We raise beef cattle. From the time they are born until they time they are processed for beef, they are under our ownership and care (with the help of feedlot owners). Once the carcass has been processed and different cuts finalized and frozen, it’s off to the store or restaurant for consumers to enjoy.

You won’t see “Sawyer Beef” on the menu anytime soon but my husband still takes great pride in knowing that the steak at the high-end restaurant or the Big Mac you enjoyed for lunch could have come from one of the dozens of animals roaming our backyard or living somewhere on our farm.

Have faith in your food, it comes from farm families like ours. Their farm may be huge or teenier tiny, but it was very likely ran by family members dedicated to producing food and preserving the land.

Our Crazy Hectic Life

I always enjoy writing – not as much the forced, daily writing that comes with a journalism gig I once held – but the spontaneous, personal blogging that allows me to share our farm life and stories of raising crops and cattle in the heart of America.

Ironically, it seems that the same life I want to share is what prevents me from finding the time to write. But I love our life and love reading about other mom’s trials, tribulations and craziness and want to share our crazy with all of you.

First, let me explain our crazy . . . My husband is the fourth generation of his family to farm and raise cattle on our farm in Central Kansas. Right now we are in the middle of calving season, which means we will welcome a couple hundred new baby calves to our farm in the next three months. It’s a great season – who doesn’t love baby calves – but our mommas cows require a watchful eye and helping hand when things aren’t going right or the weather is not ideal for a fresh, wet baby calf to hit the ground. For almost two months, my husband and his father will take turns checking on the animal. That means he’s up every two to four hours morning, noon and night (not unlike a mother of a newborn). The cows take priority because their well being and livelihood is his top priority.

During other times of the year, planting, harvest and animal care keep my husband at the farm 60 – 80 hours a week. His job has never been 8 a.m. – 5 p.m. and it sure doesn’t allow for weekends and holidays off. There are days I just want him home, but it’s not that easy. He’s the boss and the one responsible for it all at the end of the day so when work needs done, he’s the one to do it. This farm is our future and its our hope that this is here for our boys to return home to one day.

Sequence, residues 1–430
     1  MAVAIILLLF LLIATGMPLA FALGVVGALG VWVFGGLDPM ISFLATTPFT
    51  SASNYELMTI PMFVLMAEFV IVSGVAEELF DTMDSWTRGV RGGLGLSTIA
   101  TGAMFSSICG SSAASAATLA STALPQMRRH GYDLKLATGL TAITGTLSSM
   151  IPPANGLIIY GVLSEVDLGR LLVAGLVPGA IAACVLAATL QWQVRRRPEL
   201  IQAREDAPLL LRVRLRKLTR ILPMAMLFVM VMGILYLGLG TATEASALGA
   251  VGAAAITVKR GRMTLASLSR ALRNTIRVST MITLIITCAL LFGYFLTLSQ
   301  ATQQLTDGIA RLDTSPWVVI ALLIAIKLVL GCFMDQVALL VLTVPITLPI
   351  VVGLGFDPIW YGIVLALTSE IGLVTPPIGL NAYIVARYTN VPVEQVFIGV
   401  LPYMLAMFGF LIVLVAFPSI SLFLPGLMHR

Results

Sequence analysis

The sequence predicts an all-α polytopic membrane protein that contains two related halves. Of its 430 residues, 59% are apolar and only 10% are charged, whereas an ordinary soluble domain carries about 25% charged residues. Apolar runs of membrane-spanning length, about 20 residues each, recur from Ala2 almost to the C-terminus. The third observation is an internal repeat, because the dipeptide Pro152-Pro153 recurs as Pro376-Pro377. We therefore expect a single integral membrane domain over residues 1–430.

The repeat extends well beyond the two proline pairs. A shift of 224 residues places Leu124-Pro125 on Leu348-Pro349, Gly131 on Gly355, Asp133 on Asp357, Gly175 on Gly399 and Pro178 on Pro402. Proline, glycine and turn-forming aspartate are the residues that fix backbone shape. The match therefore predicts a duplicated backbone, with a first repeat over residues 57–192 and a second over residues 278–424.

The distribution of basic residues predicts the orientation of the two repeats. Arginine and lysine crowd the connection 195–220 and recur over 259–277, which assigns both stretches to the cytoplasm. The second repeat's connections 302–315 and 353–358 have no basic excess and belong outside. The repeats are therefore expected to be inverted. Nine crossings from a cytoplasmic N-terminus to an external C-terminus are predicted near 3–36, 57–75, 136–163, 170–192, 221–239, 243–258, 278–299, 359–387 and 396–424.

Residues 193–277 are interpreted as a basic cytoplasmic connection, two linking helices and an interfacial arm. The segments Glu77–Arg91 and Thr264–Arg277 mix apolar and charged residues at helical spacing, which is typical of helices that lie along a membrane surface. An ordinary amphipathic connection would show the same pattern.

Then there’s my job. I have a great position as a District Director for our U.S. Congressman. I love my job and the responsibilities in my position, but it also is not a typical office job. I oversee staff and offices in a district that covers 63 counties and more than 47,000 square miles. There are days I can sit at my kitchen table while the boys play and nap and get my work done. But there are other days I’m on the road and unable to get home for supper or get my oldest to pre-school. I take the downtime and days at home when I can but my schedule differs widely every week and some meetings and travel requirements are simply out of my control.

And finally, there are our two adorable boys, Evan, age 4, and Owen, age 2. Evan is in pre-school and attends school four mornings a week. He just started his first sports activity – basketball – which practices Saturday morning. Owen attends daycare and for now, is just along for the ride. The boys rarely sit still but I know their busy days are still ahead of them. I look forward to baseball games and band practice but I get anxious thinking about the layer those will add to our already hectic family schedule.

Both of my boys have only known an unpredictable and somewhat chaotic schedule. I tell people who question our jobs and schedules that we are raising flexible and adaptable little boys who understand that you just gotta take each day as it comes and go with the flow! So far, they don’t seem to mind. We very much rely on a tribe of individuals, including siblings, parents, babysitters and friends to keep us going and our boys well cared for, and for those individuals I am forever grateful.

I would describe an average day, but I honestly can’t think of one. Each day is different and that’s what makes our family and lifestyle so unique. We don’t enjoy supper together at our kitchen table as much as I would like, but we find other ways to spend time together as a family – and sometimes that’s in the cab of a tractor or the side of the road in lawn chairs eating sandwiches for lunch.